Cast Iron

Baked or Pan-Fried Almond-Crusted Tofu Triangles

April  4, 2016
4 Ratings
Photo by Bobbi Lin
  • Makes 4 servings
Author Notes

If you've been looking for a way to get more texture and crispiness out of your tofu, this is the recipe for you. A crunchy almond coating makes these snack-worthy (but also main dish worthy) triangles stand up to baking or pan searing and emerge with a perfect crispy, slightly savory, slightly salty exterior. —Gena Hamshaw

What You'll Need
  • For the triangles:
  • one 14- or 15-ounce block extra-firm tofu, pressed if possible to remove some moisture
  • 1 tablespoon vegetable oil (if pan-frying)
  • 1 cup commercial almond meal (like Bob's Red Mill) or homemade almond meal (simply grind a heaping cup of almonds to a fine meal in the food processor)
  • 2 tablespoons nutritional yeast
  • 1/2 teaspoon sweet or smoked paprika
  • 1/2 teaspoon sea salt
  • 1/4 teaspoon freshly ground black pepper
  • 1/2 teaspoon garlic powder
  • For the marinade:
  • 1/3 cup water
  • 2 tablespoons soy sauce or tamari
  • 1 tablespoon freshly squeezed lemon juice
  • 1 tablespoon Dijon mustard
  • 2 teaspoons cornstarch or tapioca starch
  1. If you'd like to bake the tofu, preheat your oven to 350° F.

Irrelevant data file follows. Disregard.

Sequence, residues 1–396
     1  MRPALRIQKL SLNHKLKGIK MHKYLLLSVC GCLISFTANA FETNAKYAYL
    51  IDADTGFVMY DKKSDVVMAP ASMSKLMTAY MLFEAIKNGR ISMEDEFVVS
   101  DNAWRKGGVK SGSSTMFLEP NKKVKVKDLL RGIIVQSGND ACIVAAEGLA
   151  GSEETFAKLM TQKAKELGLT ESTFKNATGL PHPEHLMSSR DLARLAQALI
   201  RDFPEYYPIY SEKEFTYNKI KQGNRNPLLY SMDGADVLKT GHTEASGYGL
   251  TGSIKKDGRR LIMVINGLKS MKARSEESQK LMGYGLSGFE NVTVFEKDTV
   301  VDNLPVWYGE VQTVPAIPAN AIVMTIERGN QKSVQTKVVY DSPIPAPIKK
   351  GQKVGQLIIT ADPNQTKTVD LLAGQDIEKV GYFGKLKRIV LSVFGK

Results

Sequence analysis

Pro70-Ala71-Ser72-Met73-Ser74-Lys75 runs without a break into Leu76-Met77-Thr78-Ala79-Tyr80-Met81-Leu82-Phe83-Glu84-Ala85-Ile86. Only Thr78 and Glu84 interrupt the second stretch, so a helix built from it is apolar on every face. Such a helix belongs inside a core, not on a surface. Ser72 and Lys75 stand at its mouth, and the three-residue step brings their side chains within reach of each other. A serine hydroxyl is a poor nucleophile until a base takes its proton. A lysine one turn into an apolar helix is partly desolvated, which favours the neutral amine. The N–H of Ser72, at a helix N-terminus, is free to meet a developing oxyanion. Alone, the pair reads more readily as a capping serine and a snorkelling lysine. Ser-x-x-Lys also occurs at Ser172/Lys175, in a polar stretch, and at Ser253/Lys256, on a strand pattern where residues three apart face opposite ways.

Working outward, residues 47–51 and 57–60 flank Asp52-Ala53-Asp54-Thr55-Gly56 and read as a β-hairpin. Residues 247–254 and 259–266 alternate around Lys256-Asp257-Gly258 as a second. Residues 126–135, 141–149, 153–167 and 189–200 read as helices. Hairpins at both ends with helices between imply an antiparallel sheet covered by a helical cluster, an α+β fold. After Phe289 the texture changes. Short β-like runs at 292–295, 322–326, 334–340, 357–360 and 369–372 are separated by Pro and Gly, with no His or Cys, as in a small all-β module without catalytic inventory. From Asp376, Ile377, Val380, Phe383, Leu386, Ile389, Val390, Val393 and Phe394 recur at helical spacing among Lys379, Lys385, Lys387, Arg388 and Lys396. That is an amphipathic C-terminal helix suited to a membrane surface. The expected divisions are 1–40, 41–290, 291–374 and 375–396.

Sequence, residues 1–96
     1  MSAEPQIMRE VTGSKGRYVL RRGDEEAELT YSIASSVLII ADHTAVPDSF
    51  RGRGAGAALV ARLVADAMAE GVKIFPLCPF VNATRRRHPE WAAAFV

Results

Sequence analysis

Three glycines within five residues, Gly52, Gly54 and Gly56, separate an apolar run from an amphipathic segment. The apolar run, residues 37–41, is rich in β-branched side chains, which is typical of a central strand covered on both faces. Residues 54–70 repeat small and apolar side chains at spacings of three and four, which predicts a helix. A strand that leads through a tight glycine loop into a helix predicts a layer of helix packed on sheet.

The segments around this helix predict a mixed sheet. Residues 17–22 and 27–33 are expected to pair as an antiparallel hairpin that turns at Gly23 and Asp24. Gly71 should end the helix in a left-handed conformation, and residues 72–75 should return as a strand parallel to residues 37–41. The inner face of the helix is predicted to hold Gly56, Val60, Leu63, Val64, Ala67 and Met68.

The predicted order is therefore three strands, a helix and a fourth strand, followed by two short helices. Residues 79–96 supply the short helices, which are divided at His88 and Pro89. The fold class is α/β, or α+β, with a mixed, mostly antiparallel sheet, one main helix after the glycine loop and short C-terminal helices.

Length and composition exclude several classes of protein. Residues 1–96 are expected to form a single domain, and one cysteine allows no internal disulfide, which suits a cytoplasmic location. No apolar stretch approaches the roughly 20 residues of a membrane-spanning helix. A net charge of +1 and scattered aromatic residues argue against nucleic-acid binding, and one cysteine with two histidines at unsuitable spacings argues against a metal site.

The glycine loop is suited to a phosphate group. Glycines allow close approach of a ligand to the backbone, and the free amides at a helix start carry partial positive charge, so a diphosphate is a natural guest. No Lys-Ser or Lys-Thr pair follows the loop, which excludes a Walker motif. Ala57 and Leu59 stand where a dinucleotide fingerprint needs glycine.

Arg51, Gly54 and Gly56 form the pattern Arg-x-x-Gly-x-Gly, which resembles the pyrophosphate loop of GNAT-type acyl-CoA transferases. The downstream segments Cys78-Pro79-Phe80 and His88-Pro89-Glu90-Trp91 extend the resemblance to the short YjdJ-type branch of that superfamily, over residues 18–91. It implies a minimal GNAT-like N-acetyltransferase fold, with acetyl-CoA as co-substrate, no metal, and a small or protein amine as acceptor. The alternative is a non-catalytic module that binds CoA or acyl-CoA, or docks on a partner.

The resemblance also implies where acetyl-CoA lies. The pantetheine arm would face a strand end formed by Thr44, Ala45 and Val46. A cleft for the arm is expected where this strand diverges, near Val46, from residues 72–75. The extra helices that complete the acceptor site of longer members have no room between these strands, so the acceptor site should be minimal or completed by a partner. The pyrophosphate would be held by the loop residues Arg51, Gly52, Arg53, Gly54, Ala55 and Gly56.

2. To prepare the tofu, cut the block into four large cubes, and then cut each in half diagonally to create 8 triangles. Whisk the marinade ingredients together in a large bowl and add the tofu pieces. Cover and marinate for at least 2 hours and up to 8.
  3. Mix together the almond coating ingredients (from almond meal to garlic powder) in a mixing bowl. Coat each piece of tofu in the coating mixture. Transfer the tofu pieces to a parchment-lined baking sheet. Bake for 20 to 25 minutes, or until the pieces are golden brown, flipping once halfway through baking.
  4. Alternately, you can heat a tablespoon of vegetable oil in a large, cast-iron skillet. Add the tofu triangles and cook for 3 to 4 minutes on each side, or until golden brown.

See what other Food52ers are saying.

  • rkidwell
  • Sharon
  • mjb
  • Gisele73

7 Reviews

rkidwell November 24, 2019
This looks great! Would you be able to share what these are served over?
Sharon July 3, 2016
To: mjb - pressing extracts flavorless liquid so flavorful marinade can be absorbed.
mjb July 3, 2016
So why press the tofu then marinate it in additional liquid.
Sarai February 14, 2024
Tofu is packed in water to keep it fresh and hence doesn’t have much flavor. You drain it of the water so that it could then soak up a marinade.
Gisele73 April 29, 2016
This was delicious and very easy. I did the pan-frying method. Definitely hits the fried-chyckin spot.
Sharon April 10, 2016
Tofu is such a wonderful and versatile food. It really deserves to be elevated out of the vegan/vegetarian/Asian category because it truly supersedes all of those. Seasoned, dredged in any number of grain or nut flours and pan fried, its toothsome texture adds a punch to just about any dish. And that's just one idea. I've even marinated it, smoked it over hickory and sauced it with fantastic results. I hope this recipe ignites imaginations and launches cooks into experimental mode. We haven't even begun to scratch the surface of the possibilities of cooking with tofu.
Danielle April 7, 2016
This looks delicious, especially paired with the pilaf. Have you shared the pilaf recipe before?